Halliburton, Baker Hughes call off $35bn merger

May 02, 2016, 1:22 PM EDT
(Source: L/flickr)
(Source: L/flickr)

Halliburton, Baker Hughes called off their proposed $35 billion merger as the obstacles piled up.

The New York Times reports:

For a year and a half, Halliburton and Baker Hughes, two big oil field services companies, had been focused on their $35 billion merger. That distraction, even as commodity prices deteriorated and their peers cut costs to survive, is finally over. The two companies announced in a statement on Sunday that they had decided to terminate their merger. The news came after an excruciatingly long regulatory review process that culminated in a lawsuit last month by the Justice Department to block the deal on antitrust grounds. “While both companies expected the proposed merger to result in compelling benefits to shareholders, customers and other stakeholders, challenges in obtaining remaining regulatory approvals and general industry conditions that severely damaged deal economics led to the conclusion that termination is the best course of action,” said Dave Lesar, chairman and chief executive of Halliburton, in Sunday’s statement.

The Wall Street Journal reports:

Baker Hughes Inc. said Monday that it is working to emerge from its failed merger with Halliburton Co. as a leaner, more focused oil-field services company, outlining plans to cut $500 million in costs while buying back $1.5 billion of shares and $1 billion of debt. Now that it is on its own, Baker Hughes says it will focus on its strengths and simplify its business. “Innovation is what we do best and what our customers need the most. It is an enviable capability that is part of our culture and continues to differentiate us in the market,” Chief Executive Martin Craighead said in a statement.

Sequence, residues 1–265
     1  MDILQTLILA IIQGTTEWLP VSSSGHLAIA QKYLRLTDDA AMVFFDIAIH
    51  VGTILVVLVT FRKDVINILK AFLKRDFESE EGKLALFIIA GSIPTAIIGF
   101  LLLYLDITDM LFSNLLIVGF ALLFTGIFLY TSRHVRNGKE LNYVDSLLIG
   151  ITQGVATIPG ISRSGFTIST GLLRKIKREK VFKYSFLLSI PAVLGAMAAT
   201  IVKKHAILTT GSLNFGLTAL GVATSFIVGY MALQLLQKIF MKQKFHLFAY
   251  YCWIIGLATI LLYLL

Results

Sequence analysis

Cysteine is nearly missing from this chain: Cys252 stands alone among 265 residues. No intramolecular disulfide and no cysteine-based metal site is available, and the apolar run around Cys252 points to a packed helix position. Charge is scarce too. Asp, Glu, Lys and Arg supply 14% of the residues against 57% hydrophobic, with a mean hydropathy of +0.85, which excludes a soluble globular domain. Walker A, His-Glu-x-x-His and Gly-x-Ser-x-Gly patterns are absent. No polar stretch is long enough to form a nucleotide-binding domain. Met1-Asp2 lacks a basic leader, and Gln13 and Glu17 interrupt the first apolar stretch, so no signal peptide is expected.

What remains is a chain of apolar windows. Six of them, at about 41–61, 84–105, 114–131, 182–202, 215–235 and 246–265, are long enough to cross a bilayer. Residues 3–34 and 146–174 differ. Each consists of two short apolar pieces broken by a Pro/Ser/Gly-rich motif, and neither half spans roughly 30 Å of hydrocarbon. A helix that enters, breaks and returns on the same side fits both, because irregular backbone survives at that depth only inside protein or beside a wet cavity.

Reuters notes:

Baker Hughes, which is focusing on the development of products that lower costs and maximize production for oil and gas producers, also said on Monday it planned to refinance a $2.5 billion credit facility, which expires in September 2016. The company said an initial phase of cost-cutting was expected to result in $500 million of annualized savings by the end of 2016. In a separate regulatory filing on Monday, Baker Hughes said it cut 2,000 more jobs in the first quarter, adding to the 18,000 cut worldwide last year. The company had about 43,000 employees as of Dec. 31. Baker Hughes said last Wednesday it recorded "merger-retained" costs of $110 million, after tax, in the first quarter, leading to a bigger net loss for the period. The Houston-based company also said then that it was limiting its exposure to the unprofitable onshore pressure pumping business in North America. Halliburton, which will release its results on Tuesday, said on April 22 that revenue in the quarter slumped 40.4 percent.